Garfield County bans fireworks use ahead of Independence Day holiday, set to enter Stage 1 fire restrictions Friday |

Garfield County bans fireworks use ahead of Independence Day holiday, set to enter Stage 1 fire restrictions Friday

Sign in public area warning of prohibited fireworks

Fireworks use is now prohibited for the final weeks leading up to the July Fourth holiday in unincorporated parts of Garfield County, and broader Stage 1 fire restrictions are coming if not already in place in area jurisdictions.

Garfield County commissioners on Monday expanded the county’s existing year-round ban on fireworks use to include the otherwise exempt period from June 14 through July 5 ahead of and one day beyond Independence Day.

The ban applies both to fireworks that can be purchased legally in Colorado — those that don’t shoot off the ground or explode, such as sparklers, fountains and spinners — as well as illegal aerial fireworks, firecrackers and other explosives often brought in from neighboring states that allow such sales.

The ban does not apply to the sale of legal fireworks in the county.

“It is drying out quickly, and the conditions are there,” said Chris Bornholdt, emergency manager for the Garfield County Sheriff’s Office. “We don’t need to take any chances with fireworks getting in the brush and starting a big fire for us.”

The fireworks use ban, approved 3-0 by the commissioners, is effective immediately.

Meanwhile, neighboring Pitkin and Eagle counties announced Tuesday that they will be moving to broader Stage 1 fire restrictions on Wednesday, and Garfield County plans to follow suit effective Friday.

“I wouldn’t be surprised if shortly after, maybe next week or so, we’ll want to go to (more restrictive) Stage 2,” Garfield County Sheriff Lou Vallario said Tuesday evening. “It’s pretty damn hot and dry out there.”

Glenwood Springs Stage 1 restrictions will begin concurrently with the county restrictions on Friday, according to a city news release.

“It is everyone’s responsibility to use fire safely and adhere to the fire restrictions,” Glenwood Mayor Jonathan Godes said in the release. “These important restrictions intentionally target ways that help our community reduce fire risk and prevent wildfires during periods of high fire danger.”

Area fire departments, federal land agencies and the Sheriff’s Office meet every Tuesday morning to assess the current fire danger and try to reach consensus on how to proceed, he said.

Land management officials, including the U.S. Forest Service White River National Forest and Bureau of Land Management are also expected to implement their own restrictions later in the week, according to a news release from the Pitkin County Sheriff’s Office.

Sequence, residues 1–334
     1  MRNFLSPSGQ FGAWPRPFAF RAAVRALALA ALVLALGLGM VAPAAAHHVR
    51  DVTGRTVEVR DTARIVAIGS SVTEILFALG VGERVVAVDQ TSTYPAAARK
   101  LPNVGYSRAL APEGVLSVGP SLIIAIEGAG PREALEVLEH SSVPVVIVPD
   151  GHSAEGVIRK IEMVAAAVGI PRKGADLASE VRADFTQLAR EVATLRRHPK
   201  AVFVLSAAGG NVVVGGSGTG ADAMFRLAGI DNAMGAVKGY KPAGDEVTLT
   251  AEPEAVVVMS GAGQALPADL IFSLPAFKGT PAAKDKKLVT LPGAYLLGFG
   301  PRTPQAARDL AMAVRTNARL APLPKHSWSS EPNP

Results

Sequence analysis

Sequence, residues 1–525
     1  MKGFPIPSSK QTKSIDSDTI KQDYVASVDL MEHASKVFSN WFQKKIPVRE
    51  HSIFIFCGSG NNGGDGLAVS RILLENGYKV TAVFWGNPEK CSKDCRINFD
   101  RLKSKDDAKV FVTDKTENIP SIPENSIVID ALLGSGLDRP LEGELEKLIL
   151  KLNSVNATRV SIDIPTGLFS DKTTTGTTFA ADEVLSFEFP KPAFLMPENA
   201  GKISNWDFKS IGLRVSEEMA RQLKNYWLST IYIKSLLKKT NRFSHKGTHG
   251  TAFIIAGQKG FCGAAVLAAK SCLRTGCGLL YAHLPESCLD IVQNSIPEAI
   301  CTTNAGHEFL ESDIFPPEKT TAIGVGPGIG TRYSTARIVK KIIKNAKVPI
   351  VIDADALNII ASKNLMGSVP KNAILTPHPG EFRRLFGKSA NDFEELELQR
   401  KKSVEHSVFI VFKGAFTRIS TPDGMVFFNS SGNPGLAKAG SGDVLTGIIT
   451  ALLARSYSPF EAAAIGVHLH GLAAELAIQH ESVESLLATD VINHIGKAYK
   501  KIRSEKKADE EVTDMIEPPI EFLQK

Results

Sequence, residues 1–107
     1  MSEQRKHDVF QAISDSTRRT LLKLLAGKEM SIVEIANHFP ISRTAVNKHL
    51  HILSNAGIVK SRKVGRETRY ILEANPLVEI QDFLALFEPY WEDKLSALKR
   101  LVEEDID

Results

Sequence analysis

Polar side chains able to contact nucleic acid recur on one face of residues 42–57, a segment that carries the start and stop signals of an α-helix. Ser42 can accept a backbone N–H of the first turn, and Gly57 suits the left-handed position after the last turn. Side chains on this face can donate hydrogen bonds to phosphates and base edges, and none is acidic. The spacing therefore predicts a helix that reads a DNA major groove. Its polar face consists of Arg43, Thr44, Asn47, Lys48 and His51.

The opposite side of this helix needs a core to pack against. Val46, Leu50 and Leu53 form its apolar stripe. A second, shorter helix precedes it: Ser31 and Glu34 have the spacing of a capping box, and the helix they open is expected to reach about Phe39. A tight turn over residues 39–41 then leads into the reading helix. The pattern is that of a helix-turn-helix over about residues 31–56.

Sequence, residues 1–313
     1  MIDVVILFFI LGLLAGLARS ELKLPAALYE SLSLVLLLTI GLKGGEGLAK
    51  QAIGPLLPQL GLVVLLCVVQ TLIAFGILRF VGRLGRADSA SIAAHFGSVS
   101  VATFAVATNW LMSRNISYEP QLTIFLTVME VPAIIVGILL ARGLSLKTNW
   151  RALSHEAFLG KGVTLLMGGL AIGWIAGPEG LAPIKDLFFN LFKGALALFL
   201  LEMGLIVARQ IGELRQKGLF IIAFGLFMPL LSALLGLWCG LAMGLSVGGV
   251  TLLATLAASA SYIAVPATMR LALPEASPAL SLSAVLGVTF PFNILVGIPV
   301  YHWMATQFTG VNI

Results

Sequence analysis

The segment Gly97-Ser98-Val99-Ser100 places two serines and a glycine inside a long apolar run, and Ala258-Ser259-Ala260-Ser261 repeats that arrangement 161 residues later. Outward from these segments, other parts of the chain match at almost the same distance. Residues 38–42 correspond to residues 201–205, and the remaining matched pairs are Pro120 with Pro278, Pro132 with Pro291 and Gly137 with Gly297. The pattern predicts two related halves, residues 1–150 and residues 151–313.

The fire restrictions, per local fire management officials, apply to the following persons and activities:

A. Building, maintaining, attending or using a fire or campfire except within a developed recreation site, or improved site to include a fire ring/pit.

B. Smoking, except within an enclosed vehicle, building or area cleared of all combustible materials.

C. Operating or using an internal or external combustion engine without an approved spark-arresting device properly installed, maintained and in effective working order meeting either the U.S. Forest Service standards or appropriate Society of Automotive Engineers recommended practices.

D. Use of any personal fireworks or explosive requiring fuses or blasting caps, including exploding targets, as defined by Colorado Revised Statute 12-28-101(8).

At the Monday Garfield County commissioners meeting, Ray Cordova, who operates the seasonal fireworks stand at the intersection of Cattle Creek and Colorado Highway 82 near Carbondale, objected to the fireworks use ban.

“I know we look like the bad guys, and we are aware of the conditions. We are not ignorant of it,” Cordova said.

However, he said the legal fireworks he sells are not the likely source of brush fire ignition. Rather, that’s more likely to come from the illegal fireworks that are purchased and imported from Wyoming and other states where such sales are legal, he said.

“Fireworks is something families have been doing to celebrate our independence for ages. People enjoy them,” Cordova said, adding most revelers know to take precautions such as lighting them on a cleared dirt or paved surface and watering down any nearby vegetation.

“The word ‘fire’ in front of ‘works’ gives a bad connotation,” Cordova said. “Maybe if we called them ‘independence works’ it would be different.”

He added that he and his wife, Aurora, use the fireworks sales stand as a fundraiser for their evangelical Christian ministry.

County Commissioner Mike Samson said he agreed with Cordova’s sentiments around personal freedoms. But the worsening drought situation and resulting fire danger can’t be ignored, he said.

“Much of the West is in … exceptional drought,” Samson said. “We have to pay attention to some things here.”

Commissioner Tom Jankovsky said he generally doesn’t believe in “big-government regulations,” but, “I do believe government needs to make decisions on things that affect the health, safety and welfare of their constituents.

“People are frightened of wildfire, and for good reason,” he said.

Stage 1 restrictions prohibit open burning of trash or ditches, open campfires outside of developed fire pits, charcoal grills, fireworks and other incendiary devices. Fireworks are always illegal to use on Forest Service lands.

The move to Stage 1 restrictions also means that when the county issues a red-flag warning, it automatically moves restrictions up to the next level.

Senior Reporter/Managing Editor John Stroud can be reached at 970-384-9160 or

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